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LEGAL VIEW WITH ASHLEIGH BANFIELD

Stop and Frisk Unconstitutional?; Florida Sinkhole Swallows Resort; Mudslides, Heavy Rain in Colorado; Joshua Young Not Guilty; Obama Administration Scaling Back Drug Charges; Is Castro Safe in Prison?;

Aired August 12, 2013 - 11:00   ET

THIS IS A RUSH TRANSCRIPT. THIS COPY MAY NOT BE IN ITS FINAL FORM AND MAY BE UPDATED.


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ASHLEIGH BANFIELD, CNN HOST: Good morning, everyone. I'm Ashleigh Banfield. It's Monday, August 12th. And welcome to our first edition of the "LEGAL VIEW". We're going to dig in to the day's top legal stories, crime and justice and of course, the top news of the day as well.

Here is where I want to begin with breaking news, legal news, out of New York City. A federal judge has just ruled that the NYPD, the police department here, and its controversial "stop and frisk" policy, well it is unconstitutional. That is a policy that allows New York City police officers to stop and frisk anyone they consider suspicious.

That did not sit well with a lot of minority men and minority men sued saying they were being unfairly targeted for no legitimate reason.

Joining me now is CNN legal correspondent Jean Casarez.

This is a big issue. This took nine weeks to litigate, and the judge came down and said, you're right. We have this little thing called the Fourth Amendment and you can't break it.

JEAN CASAREZ, CNN LEGAL CORRESPONDENT: That's right, constitutional rights.

This information is just coming in right now. It was a ruling this morning, and this judge is saying that the stop-and-frisk, the way it is done in New York City, is unconstitutional because it promotes racial profiling, and it violates someone's constitutional rights.

You know, Ashleigh, we want to show everybody exactly what the law is in New York City and how that stop, question and frisk is what it really is.

First of all, an officer can stop someone if they reasonably suspect that person is about to commit a crime, a felony or a penal misdemeanor.

BANFIELD: Is that probable cause?

CASAREZ: Yeah, exactly. And then they can ask the questions, your name, your address. Explain your conduct for us.

If they believe and reasonably suspect that they're in physical danger, they can then frisk the person, and they can get the weapon or anything that could harm them.

They hold it, they continue the questioning, then they either give it back to the person or they arrest them.

BANFIELD: So here is the problem. That all sounds like it's a great way to reduce crime until you start to break down the numbers and it turns out nine out of 10 people who were stopped and frisked under this policy were African-American or Hispanic, nine out of 10.

And isn't that where the judge said you can't isolate like this.

CASAREZ: Exactly. And this particular case was actually four minority individuals that believe they were stopped, questioned, and frisked because of racially who they were.

And so what the judge is saying, she's not abolishing this. She's saying it's unconstitutional, but she's saying, let's have a monitor here to really monitor internal policy changes.

So we're going to have to see how this evolves in real life, but it's quite a ruling.

BANFIELD: So I did not sit through all nine weeks, but I wish I had because the New York City police had a very good argument that they brought to the table and that was this.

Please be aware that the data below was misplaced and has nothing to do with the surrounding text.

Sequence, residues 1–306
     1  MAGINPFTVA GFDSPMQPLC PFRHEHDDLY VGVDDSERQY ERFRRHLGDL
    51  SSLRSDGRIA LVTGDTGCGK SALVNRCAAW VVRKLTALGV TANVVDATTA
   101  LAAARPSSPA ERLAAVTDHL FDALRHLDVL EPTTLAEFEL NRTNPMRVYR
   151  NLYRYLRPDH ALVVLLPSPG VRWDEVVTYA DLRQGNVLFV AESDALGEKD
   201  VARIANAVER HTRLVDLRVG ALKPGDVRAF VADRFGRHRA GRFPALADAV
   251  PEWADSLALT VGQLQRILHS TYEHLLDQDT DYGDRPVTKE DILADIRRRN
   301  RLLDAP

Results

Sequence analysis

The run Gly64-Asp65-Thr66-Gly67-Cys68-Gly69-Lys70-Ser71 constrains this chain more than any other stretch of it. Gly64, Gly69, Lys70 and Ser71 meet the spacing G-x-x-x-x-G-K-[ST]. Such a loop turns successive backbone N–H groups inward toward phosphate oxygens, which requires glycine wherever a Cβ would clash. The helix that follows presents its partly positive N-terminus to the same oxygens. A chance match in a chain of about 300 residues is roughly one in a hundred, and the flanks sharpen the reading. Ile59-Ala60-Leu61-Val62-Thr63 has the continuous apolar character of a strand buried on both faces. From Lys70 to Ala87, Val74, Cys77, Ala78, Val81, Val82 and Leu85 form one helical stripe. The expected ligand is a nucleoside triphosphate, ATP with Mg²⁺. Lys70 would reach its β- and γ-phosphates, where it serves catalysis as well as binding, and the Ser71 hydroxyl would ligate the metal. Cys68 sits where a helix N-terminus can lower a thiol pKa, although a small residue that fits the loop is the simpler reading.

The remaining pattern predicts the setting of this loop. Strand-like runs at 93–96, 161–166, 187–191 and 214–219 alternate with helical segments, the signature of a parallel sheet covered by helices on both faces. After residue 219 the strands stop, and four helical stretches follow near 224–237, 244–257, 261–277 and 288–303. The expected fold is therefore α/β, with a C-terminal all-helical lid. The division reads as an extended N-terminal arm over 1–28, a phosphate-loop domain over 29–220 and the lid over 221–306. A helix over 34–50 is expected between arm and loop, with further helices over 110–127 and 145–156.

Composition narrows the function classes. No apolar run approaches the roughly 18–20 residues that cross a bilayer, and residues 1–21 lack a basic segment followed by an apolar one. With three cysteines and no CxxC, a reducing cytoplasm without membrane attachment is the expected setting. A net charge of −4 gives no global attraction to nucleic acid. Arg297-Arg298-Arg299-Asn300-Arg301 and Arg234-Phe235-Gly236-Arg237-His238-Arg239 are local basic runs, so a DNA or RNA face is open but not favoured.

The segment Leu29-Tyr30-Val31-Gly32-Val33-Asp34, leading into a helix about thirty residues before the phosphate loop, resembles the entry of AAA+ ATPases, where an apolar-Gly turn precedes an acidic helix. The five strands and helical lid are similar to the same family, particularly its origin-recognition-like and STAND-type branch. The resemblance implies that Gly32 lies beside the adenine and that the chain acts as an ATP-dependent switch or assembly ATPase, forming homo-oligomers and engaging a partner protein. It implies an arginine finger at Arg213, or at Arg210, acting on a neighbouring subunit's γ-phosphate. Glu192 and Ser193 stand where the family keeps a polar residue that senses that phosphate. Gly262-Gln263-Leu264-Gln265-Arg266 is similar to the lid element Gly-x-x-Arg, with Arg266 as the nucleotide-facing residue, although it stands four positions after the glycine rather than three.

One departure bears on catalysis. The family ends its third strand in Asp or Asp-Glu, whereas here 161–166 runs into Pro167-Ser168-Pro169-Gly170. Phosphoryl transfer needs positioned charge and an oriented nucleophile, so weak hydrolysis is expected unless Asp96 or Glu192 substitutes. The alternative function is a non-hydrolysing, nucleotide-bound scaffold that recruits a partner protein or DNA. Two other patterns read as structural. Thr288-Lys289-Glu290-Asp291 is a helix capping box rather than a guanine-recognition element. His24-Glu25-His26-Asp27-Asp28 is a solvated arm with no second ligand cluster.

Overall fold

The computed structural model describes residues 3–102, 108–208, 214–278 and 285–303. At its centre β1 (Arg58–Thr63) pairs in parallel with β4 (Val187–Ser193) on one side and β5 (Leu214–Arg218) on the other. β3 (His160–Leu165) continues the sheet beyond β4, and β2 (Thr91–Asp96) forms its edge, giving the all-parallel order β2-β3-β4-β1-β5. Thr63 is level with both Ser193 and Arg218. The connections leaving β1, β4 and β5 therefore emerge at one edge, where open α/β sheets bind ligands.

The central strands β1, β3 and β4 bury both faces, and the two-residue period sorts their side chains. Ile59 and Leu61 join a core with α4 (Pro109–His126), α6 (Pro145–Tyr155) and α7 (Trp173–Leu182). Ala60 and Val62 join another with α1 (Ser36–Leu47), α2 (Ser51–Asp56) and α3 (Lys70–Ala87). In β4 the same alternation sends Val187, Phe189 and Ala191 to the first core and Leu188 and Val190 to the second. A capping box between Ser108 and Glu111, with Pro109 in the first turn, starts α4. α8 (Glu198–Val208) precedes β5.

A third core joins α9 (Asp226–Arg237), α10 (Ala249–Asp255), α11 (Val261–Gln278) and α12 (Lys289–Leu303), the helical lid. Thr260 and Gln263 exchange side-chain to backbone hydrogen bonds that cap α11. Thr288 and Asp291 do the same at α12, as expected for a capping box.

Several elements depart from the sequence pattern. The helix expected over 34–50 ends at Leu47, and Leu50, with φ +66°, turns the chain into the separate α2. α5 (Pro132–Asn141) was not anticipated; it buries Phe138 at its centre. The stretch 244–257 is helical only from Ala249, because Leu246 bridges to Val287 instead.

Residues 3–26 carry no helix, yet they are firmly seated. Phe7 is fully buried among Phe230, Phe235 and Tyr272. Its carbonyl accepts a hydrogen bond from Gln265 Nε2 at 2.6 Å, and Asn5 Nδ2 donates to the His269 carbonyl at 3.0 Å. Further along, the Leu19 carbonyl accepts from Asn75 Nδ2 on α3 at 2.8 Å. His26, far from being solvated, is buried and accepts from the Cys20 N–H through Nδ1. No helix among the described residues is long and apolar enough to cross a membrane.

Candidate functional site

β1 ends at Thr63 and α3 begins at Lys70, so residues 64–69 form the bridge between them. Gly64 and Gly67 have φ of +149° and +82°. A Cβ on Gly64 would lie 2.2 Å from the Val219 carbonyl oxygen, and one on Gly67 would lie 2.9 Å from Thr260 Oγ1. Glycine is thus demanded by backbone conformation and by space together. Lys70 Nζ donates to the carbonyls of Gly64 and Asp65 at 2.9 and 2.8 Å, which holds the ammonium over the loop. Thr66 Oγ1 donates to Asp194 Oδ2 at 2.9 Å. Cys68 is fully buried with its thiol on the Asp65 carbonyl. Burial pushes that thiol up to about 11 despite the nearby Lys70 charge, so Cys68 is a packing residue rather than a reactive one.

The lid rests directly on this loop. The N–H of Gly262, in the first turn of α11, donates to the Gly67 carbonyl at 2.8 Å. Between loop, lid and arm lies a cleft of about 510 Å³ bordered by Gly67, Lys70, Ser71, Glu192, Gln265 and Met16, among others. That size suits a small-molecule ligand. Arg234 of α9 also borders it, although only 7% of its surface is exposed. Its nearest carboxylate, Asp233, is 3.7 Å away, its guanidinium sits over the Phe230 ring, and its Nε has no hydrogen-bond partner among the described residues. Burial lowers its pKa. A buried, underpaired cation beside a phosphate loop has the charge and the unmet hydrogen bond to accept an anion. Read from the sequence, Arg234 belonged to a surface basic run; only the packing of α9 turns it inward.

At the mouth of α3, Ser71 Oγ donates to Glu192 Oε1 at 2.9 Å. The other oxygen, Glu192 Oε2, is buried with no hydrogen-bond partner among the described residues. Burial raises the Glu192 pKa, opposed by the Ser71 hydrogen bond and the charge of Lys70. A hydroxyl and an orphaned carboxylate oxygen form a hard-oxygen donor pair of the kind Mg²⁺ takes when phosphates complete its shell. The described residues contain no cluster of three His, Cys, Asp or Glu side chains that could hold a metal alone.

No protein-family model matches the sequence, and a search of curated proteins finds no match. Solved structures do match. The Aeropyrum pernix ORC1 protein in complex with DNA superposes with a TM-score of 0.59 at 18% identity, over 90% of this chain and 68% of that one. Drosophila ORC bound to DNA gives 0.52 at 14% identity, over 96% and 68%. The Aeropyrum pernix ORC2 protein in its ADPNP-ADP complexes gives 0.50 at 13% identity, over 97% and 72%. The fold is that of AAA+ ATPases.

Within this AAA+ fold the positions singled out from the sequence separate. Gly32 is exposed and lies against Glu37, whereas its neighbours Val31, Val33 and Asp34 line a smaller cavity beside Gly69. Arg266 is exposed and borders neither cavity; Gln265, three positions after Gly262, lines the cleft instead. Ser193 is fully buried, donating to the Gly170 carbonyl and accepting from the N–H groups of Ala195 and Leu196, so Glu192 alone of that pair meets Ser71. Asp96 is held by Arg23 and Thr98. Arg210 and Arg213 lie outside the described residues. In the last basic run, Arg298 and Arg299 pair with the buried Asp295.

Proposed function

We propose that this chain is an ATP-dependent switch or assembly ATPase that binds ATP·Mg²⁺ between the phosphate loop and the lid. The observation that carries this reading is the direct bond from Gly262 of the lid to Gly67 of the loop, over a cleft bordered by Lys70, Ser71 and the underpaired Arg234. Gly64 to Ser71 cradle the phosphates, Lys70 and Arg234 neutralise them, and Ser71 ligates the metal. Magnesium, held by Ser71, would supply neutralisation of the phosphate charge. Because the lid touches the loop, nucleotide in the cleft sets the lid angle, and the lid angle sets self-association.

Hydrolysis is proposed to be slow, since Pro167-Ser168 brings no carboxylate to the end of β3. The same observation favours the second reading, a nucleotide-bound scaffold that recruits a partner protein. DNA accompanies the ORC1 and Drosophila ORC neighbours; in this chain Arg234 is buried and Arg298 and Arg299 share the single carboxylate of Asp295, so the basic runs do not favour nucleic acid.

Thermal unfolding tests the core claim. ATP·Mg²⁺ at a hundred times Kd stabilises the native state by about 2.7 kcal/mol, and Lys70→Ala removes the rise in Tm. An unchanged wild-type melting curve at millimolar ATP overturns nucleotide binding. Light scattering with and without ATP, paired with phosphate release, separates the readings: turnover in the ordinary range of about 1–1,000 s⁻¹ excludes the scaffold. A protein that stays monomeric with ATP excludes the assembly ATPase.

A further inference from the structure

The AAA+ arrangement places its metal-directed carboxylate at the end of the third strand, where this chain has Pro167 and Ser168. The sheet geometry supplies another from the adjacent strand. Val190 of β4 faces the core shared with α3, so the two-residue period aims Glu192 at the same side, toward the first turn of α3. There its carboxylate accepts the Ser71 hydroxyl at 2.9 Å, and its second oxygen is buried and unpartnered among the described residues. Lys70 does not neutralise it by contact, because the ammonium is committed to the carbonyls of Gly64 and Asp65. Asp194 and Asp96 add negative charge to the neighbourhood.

Yeah, nine out of 10 is a high number. We get that. We're not ignoring that at all, but we are dispatched to high-crime areas, and in these high-crime areas black people are being inordinately targeted as victims, and it happens to be very heavily populated by black and Hispanic people, thus the count automatically would be higher for black and Hispanic members of the population.

How did the judge get around that part?

CASAREZ: I think the judge has yet to answer on that because she is saying that as a blanket rule there is racial profiling here and it leads to this.

But what you're talking about is officer safety. And that is something that I think I'm sure officers all around New York City are going to be concerned about and we'll have to see how these changes actually impact reality.

BANFIELD: So, again, look, the idea here -- and this is all just breaking right now, so we don't know how they're going to resolve it, but that they've said a monitor.

And this is what the group sued for. They didn't sue to stop stop- and-frisk. They sued to modify stop-and-frisk, saying that this is like burning down a house to get rid of a mice problem. But how do you modify it when the police have said this is the area, it is heavily black and Hispanic, thus anybody we stop under any policy would rise in those numbers.

CASAREZ: Will they not be allowed to frisk anymore? I think that is probably one of the issues --

BANFIELD: But the crime rates, Jean, have dropped. Like, this is the problem. They have actually shown successful numbers.

They've gotten handguns out of the community. The victims' numbers have dropped. The crime rate numbers have dropped where this policy has been in effect. How do they get around it?

CASAREZ: They're going to have to not target or racially profile as the judge in her ruling said.

And, remember, the city also said we already have internal policies. We have internal review committees. We focus on this.

So what will the changes be with a monitor versus the internal policies already set in place?

BANFIELD: I'm sorry, but I always wonder right off the bat how you get around that Fourth Amendment. I mean, I know probable cause. That gets you around Fourth Amendment, but a lot of cases, the probable cause was, hey, you, that was about it.

Jean --

CASAREZ: Case by case.

BANFIELD: Case by case. Yeah, well, we'll see how many monitors they're going to need on this one.

Jean Casarez, stand by if you will. I've got a lot of other questions for you throughout this legal program since you're a lawyer and a correspondent.

I want to take you to this astounding story out of Florida. You've probably heard a lot about sinkholes. They're fairly routine in that state, but this one defies the odds.

It did not just swallow a car or a house. It took out a three-story resort. The pictures are astounding.

Evan Lambert of CNN affiliate WKMG joins us live from the scene. The nighttime shots are nothing like the daytime shots.